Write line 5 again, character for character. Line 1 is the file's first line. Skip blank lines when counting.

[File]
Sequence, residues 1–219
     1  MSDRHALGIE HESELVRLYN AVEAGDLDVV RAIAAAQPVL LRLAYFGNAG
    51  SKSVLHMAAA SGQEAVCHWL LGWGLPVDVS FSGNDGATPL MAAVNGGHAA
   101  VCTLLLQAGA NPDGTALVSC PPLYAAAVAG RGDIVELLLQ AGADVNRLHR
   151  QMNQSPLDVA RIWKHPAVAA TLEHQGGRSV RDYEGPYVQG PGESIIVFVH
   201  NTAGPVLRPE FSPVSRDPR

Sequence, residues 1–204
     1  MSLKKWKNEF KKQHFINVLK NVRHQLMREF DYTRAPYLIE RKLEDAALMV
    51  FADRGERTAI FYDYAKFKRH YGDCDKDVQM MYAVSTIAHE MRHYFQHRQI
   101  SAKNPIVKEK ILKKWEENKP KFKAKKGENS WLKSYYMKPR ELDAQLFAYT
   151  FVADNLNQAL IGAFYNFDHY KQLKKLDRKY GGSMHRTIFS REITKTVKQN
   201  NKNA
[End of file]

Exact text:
   151  QMNQSPLDVA RIWKHPAVAA TLEHQGGRSV RDYEGPYVQG PGESIIVFVH